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Article
27 March 2019

Facebook bans white nationalism & separatism content from its platforms

Author: Sasha Ingber, NPR

Facebook announced Wednesday that it intends to ban content that glorifies white nationalism and separatism, a major policy shift that will begin next week... Kristen Clarke, president and executive director of the National Lawyers' Committee for Civil Rights Under Law, tells NPR that "[f]or too long, Facebook has maintained a policy that carved out an indefensible distinction between white supremacy and white nationalism and white separatism, and that carve-out allowed violent white supremacists to openly exploit the platform to incite violence across the country and frankly across the globe."

... Vera Eidelman, staff attorney with the ACLU [ said], "White supremacist, nationalist and separatist views are repugnant, and Facebook as a private company is well within its rights to remove such hate and bigotry from its platform. Indeed, any content that crosses the line into incitement or true threats is not protected speech... [however] Facebook runs the risk of censoring those that attack white nationalism, too... every time Facebook makes the choice to remove content, a single company is exercising an unchecked power to silence individuals and remove them from what has become an indispensable platform... For the same reason that the Constitution prevents the government from exercising such power, we should be wary of encouraging its exercise by corporations that are answerable to their private shareholders rather than the broader public interest."

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Article
26 March 2019

Executives at Vodafone NZ, Spark & 2degrees call on CEOs of Facebook, Google & Twitter to take more responsibility over platform content

Author: CNN Business

"Read the letter New Zealand telecom executives sent to Facebook, Google & Twitter," 19 March 2019

Executives at three major internet service providers in New Zealand have written a letter to the CEOs of Facebook, Google and Twitter, asking them to take more responsibility over the content on their platforms... "You may be aware that on the afternoon of Friday 15 March, three of New Zealand's largest broadband providers, Vodafone NZ, Spark and 2degrees, took the unprecedented step to jointly identify and suspend access to web sites that were hosting video footage taken by the gunman related to the horrific terrorism incident in Christchurch. As key industry players, we believed this extraordinary step was the right thing to do in such extreme and tragic circumstances... Although we recognize the speed with which social network companies sought to remove Friday's video once they were made aware of it, this was still a response to material that was rapidly spreading globally and should never have been made available online... We call on Facebook, Twitter and Google, whose platforms carry so much content, to be a part of an urgent discussion at an industry and New Zealand Government level on an enduring solution to this issue... Social media companies and hosting platforms that enable the sharing of user generated content with the public have a legal duty of care to protect their users and wider society by preventing the uploading and sharing of content such as this video... Now is the time for this conversation to be had, and we call on all of you to join us at the table and be part of the solution.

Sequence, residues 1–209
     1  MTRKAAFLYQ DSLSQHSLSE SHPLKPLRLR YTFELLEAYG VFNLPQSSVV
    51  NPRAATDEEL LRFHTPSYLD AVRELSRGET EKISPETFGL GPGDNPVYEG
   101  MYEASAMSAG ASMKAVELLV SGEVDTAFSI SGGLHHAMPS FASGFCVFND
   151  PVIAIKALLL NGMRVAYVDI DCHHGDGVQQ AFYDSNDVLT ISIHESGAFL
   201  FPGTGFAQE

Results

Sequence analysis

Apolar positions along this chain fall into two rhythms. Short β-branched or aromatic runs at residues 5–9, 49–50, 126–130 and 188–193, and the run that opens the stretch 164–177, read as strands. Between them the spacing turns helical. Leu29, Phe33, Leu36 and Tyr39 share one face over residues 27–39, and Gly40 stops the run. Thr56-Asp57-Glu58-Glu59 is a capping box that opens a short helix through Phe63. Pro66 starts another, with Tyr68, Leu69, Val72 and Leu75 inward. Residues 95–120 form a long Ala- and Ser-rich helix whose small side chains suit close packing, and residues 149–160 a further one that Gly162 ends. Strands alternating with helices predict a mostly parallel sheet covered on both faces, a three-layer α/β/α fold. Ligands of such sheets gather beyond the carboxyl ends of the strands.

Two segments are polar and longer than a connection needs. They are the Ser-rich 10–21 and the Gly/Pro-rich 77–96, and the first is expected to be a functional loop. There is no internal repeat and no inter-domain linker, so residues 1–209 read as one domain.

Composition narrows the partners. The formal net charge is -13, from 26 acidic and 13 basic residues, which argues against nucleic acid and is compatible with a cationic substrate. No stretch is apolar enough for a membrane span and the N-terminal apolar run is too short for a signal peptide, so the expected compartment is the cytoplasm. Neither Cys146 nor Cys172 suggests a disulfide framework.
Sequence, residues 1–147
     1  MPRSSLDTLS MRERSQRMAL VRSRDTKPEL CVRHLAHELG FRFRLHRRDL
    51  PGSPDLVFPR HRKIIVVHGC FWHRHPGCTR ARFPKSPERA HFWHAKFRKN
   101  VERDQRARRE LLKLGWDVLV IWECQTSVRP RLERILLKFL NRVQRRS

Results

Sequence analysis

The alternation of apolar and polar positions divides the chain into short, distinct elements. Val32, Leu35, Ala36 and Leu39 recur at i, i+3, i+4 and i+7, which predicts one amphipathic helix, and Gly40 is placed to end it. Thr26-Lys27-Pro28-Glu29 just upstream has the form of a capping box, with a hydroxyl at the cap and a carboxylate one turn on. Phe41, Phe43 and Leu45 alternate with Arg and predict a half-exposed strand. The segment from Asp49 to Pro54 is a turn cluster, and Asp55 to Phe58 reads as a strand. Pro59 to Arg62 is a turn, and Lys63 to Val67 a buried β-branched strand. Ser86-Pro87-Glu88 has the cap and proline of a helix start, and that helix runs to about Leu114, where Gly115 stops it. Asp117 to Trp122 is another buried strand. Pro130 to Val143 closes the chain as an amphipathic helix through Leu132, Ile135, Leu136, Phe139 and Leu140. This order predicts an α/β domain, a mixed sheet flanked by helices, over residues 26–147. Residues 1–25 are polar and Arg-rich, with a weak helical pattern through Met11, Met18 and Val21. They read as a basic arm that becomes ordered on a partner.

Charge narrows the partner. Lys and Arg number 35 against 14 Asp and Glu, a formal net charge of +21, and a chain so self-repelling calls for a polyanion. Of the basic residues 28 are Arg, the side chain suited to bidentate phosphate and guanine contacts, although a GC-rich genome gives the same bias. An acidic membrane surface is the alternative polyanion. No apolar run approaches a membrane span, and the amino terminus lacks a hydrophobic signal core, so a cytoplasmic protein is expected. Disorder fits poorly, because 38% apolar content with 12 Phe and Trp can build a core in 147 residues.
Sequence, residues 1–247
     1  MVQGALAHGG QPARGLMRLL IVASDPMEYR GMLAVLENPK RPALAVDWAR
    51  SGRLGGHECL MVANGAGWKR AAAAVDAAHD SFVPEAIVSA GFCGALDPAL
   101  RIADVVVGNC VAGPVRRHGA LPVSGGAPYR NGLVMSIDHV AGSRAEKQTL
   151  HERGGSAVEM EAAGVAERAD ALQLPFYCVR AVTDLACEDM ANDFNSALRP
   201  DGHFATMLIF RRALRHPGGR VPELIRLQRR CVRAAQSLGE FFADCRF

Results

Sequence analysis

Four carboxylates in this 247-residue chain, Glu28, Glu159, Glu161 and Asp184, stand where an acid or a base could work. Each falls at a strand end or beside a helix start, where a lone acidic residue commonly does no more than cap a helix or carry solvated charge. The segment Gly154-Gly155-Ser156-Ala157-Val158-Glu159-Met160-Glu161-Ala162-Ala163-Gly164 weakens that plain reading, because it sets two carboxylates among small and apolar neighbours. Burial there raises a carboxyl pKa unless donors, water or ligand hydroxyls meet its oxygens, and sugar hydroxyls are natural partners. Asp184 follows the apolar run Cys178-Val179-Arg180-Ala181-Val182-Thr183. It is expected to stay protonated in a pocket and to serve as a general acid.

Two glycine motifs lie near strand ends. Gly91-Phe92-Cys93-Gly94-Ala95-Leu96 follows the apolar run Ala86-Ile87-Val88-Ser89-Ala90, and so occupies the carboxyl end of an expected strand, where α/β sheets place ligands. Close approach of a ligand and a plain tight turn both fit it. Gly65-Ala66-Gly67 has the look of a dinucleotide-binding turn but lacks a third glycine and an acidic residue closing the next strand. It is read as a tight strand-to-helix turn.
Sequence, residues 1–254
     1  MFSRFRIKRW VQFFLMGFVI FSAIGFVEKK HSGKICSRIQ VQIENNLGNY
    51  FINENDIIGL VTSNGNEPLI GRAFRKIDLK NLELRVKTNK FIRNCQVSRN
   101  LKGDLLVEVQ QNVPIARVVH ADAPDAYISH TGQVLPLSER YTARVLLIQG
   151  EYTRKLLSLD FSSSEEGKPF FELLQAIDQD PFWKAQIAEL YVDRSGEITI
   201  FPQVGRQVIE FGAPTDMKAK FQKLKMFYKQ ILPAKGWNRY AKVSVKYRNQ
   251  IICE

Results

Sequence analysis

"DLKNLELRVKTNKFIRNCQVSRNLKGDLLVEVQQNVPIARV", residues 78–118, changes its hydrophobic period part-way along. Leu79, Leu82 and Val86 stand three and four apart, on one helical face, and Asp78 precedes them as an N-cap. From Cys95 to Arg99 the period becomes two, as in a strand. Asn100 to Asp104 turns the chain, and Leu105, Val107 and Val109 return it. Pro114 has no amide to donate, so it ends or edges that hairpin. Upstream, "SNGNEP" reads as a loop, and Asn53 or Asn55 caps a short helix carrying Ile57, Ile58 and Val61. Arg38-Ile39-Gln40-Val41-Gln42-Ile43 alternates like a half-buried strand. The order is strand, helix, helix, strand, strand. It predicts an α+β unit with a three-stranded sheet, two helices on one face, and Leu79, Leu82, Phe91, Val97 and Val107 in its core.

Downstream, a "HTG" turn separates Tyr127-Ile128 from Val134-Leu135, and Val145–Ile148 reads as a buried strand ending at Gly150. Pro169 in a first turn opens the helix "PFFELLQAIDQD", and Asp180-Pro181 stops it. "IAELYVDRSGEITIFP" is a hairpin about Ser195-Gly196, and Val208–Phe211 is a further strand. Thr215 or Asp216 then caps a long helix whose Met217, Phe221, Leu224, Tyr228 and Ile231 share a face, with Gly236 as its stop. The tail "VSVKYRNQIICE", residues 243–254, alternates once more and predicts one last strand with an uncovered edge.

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Company response
26 March 2019

Response from Facebook to letter from executives of Vodafone NZ, Speak & 2degrees

Author: Facebook

We continue to keep the people, families, and communities impacted by the tragedy in Christchurch in our hearts. Since the attack, we have been working closely with the New Zealand Police to respond to the attack and support their investigation. We removed the attacker’s video within minutes of the New Zealand Police’s outreach to us, and in the first 24 hours following the attack, removed more than 1.2 million copies of the attack video at upload using AI, preventing them from being seen on our services. Approximately 300,000 additional copies were removed after they were posted.

As we continue to work to support the New Zealand Police and to prevent the spread of this horrific content, we are also working to improve our proactive detection technology to more quickly and effectively detect content that violates our Community Standards while ensuring that people who use Facebook can engage in legitimate online expression. We’ve shared more details on our efforts at https://newsroom.fb.com/news/2019/03/technical-update-on-new-zealand/.